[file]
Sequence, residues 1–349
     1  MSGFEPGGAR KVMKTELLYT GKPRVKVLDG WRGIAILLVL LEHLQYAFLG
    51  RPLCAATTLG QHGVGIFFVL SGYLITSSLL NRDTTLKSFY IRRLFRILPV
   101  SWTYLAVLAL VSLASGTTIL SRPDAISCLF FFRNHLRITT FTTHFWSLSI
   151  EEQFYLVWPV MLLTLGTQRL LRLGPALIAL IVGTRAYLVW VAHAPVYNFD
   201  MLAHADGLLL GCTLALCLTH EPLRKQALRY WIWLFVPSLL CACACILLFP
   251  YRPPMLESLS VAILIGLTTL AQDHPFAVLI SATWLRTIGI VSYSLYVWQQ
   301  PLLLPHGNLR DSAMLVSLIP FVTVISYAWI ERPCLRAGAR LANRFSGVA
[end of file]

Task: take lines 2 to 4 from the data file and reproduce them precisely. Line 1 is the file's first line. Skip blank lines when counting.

     1  MSGFEPGGAR KVMKTELLYT GKPRVKVLDG WRGIAILLVL LEHLQYAFLG
    51  RPLCAATTLG QHGVGIFFVL SGYLITSSLL NRDTTLKSFY IRRLFRILPV
   101  SWTYLAVLAL VSLASGTTIL SRPDAISCLF FFRNHLRITT FTTHFWSLSI